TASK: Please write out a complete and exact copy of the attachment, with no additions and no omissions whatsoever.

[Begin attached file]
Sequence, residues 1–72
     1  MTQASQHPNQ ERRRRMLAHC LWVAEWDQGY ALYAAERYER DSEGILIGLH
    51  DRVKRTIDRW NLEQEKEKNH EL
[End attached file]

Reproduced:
Sequence, residues 1–72
     1  MTQASQHPNQ ERRRRMLAHC LWVAEWDQGY ALYAAERYER DSEGILIGLH
    51  DRVKRTIDRW NLEQEKEKNH EL